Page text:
There’s nine more drawers that I didn’t take interior pictures of because it’s just generic stuff. But I will go through the contents for you. Top to bottom in the left column is a drawer for manuals, a drawer for every letter that I have received from all of you out there, and a drawer for my electrical tools and supplies. Top to bottom in the center column is a drawer for miscellaneous hand tools that are more general household and carpentry related such as pry bars, putty knives, and drywall tools, a drawer for hammers, mallets and squares, and a drawer for all of my hand held cutting tools like handsaws, knives, and chisels. Top to bottom in the third column is a drawer for all types of brushes, a drawer for all of my sanding tools and supplies, and a drawer for all of my router bits and attachments.
It might not be the easiest project in this list, but if you already have some experience with wood cutting and joinery, it won’t be any hassle at all. Thanks to the extremely detailed instructions it shouldn’t really be a problem even if you’re not very familiar with woodworking. This could actually be a great project for refining your woodworking skills as a beginner!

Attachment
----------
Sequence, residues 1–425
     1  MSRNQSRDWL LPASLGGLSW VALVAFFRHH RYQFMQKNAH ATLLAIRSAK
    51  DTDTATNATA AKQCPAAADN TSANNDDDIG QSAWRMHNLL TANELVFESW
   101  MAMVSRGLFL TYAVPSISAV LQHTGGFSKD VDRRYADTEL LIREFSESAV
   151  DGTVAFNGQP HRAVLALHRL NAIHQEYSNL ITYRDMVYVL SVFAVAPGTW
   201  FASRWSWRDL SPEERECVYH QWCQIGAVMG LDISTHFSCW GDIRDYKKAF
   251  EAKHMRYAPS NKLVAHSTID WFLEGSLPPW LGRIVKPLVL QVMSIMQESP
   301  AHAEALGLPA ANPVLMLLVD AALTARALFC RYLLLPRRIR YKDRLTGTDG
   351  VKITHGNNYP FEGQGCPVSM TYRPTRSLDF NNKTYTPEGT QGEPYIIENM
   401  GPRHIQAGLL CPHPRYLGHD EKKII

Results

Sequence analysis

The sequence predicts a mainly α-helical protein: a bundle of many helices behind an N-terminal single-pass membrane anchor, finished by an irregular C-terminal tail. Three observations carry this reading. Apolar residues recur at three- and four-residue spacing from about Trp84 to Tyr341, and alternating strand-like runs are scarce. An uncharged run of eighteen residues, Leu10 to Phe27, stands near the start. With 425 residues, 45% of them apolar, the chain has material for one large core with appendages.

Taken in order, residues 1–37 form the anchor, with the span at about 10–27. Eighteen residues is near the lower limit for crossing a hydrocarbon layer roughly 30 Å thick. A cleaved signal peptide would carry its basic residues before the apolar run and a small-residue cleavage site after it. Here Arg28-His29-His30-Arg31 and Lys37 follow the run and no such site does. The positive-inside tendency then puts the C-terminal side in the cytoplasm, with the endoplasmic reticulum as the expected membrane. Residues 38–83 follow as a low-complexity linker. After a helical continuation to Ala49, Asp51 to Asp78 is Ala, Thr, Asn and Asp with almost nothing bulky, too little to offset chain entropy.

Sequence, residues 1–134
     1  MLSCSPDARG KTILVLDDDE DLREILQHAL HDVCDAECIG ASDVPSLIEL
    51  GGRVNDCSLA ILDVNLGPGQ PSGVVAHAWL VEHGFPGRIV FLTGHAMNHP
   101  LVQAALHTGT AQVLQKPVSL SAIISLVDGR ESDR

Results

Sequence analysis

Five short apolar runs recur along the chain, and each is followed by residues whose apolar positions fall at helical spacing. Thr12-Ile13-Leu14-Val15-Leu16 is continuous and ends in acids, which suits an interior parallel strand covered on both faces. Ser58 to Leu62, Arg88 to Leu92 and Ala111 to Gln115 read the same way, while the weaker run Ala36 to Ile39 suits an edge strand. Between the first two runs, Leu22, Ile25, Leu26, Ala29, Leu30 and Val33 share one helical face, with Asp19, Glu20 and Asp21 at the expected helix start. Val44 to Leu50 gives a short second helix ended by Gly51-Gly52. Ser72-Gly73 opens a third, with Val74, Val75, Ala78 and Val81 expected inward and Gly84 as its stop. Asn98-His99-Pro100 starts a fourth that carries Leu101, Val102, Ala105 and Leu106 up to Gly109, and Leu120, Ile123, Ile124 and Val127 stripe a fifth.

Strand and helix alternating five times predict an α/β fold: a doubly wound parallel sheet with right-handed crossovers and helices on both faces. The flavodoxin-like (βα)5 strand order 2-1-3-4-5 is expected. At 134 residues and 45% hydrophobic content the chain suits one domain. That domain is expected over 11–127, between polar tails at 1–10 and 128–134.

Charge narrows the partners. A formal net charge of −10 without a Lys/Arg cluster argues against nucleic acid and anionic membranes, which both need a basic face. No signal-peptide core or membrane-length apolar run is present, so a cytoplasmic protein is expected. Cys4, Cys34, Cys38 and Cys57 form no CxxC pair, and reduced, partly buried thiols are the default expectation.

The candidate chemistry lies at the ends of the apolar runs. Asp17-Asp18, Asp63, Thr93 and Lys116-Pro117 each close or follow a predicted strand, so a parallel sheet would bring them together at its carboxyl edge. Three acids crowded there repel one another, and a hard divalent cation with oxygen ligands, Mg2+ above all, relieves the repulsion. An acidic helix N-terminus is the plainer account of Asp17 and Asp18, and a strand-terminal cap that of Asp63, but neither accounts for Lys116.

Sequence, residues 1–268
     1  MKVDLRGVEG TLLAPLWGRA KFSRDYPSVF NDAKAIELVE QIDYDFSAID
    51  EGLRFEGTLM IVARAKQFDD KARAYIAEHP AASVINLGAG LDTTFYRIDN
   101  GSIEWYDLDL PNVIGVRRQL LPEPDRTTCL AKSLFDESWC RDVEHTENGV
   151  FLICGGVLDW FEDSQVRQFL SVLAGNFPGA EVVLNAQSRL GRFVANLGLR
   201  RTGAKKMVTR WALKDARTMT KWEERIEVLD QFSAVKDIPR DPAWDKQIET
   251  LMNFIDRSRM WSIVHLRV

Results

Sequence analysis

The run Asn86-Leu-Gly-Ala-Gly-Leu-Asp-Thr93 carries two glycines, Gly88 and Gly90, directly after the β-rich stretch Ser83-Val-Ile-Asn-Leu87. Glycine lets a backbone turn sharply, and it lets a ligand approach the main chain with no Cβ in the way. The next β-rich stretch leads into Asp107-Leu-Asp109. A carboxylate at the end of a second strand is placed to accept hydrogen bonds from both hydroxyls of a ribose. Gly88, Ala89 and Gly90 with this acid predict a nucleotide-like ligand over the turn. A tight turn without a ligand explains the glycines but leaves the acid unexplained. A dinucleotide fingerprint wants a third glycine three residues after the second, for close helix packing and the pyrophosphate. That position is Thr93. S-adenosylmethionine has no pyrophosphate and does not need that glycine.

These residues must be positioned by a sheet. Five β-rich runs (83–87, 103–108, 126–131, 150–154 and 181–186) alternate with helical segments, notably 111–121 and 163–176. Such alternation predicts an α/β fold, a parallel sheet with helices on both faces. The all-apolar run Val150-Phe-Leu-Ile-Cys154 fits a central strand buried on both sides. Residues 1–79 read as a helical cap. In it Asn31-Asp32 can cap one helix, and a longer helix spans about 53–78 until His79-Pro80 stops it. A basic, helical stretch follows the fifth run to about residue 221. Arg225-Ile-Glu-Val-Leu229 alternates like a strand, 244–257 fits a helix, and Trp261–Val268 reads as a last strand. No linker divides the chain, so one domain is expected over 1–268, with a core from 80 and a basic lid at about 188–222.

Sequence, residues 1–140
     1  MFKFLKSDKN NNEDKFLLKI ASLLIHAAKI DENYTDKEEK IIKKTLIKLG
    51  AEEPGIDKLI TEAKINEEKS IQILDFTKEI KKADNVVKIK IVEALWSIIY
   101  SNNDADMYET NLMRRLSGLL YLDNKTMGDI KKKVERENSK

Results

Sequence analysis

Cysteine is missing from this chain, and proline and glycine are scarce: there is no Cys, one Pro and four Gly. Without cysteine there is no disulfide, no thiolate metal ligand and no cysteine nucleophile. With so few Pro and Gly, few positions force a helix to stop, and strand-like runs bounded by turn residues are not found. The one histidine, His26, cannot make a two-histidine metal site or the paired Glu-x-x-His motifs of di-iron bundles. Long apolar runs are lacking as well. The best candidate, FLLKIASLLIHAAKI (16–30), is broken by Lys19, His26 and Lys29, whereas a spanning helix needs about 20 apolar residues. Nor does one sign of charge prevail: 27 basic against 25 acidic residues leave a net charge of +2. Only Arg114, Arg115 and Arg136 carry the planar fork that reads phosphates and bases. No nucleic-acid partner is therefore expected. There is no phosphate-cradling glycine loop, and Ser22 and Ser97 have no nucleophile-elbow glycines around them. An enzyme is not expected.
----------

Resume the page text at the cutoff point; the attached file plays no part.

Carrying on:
I think you can see from all of these choices, the best solution is the one that works for YOU and your home. Just make sure you create an environment that makes you feel creative and excited to work. And while there are amazing workshops online for inspiration, don’t go crazy thinking your work area needs to be a renovation in and of itself! Use bits and pieces of inspiration, then get going on your projects!
Manufacturers that produce woodworking tools and materials have got into the content creation game, too, and some will share woodworking plans online. Minwax and Ryobi, for example, provides their plans free of charge, and Rockler offers their woodworking plans for a fee. Seek them out along with the other blogs and you’ll have a handy list of resources you can turn to for any project.
A lot of woodworkers share their projects through their own blogs or YouTube channels. In fact, we’ve shared many of them here before, including, Woodworking for Mere Mortals, The Wood Whisperer, Matthias Wandel, April Wilkerson, Sawdust Girl, House of Wood, FixThisBuildThat, Pneumatic Addict, Build-Basic, Rogue Engineer, Her Tool Belt, and Ana White. The best YouTube woodworkers create great videos, but also provide a complete blog post with a cut list, tools, materials, and instructions. Find your favorites and save them for when you’re doing your searches.
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